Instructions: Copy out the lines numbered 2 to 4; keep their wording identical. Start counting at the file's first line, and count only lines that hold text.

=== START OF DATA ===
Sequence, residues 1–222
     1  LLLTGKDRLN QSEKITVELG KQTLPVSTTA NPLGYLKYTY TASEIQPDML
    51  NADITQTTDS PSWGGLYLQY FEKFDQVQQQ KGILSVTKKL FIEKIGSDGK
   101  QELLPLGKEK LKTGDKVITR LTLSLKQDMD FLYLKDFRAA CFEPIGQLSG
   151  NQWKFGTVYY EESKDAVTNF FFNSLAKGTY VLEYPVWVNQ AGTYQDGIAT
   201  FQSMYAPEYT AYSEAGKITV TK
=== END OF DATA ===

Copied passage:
     1  LLLTGKDRLN QSEKITVELG KQTLPVSTTA NPLGYLKYTY TASEIQPDML
    51  NADITQTTDS PSWGGLYLQY FEKFDQVQQQ KGILSVTKKL FIEKIGSDGK
   101  QELLPLGKEK LKTGDKVITR LTLSLKQDMD FLYLKDFRAA CFEPIGQLSG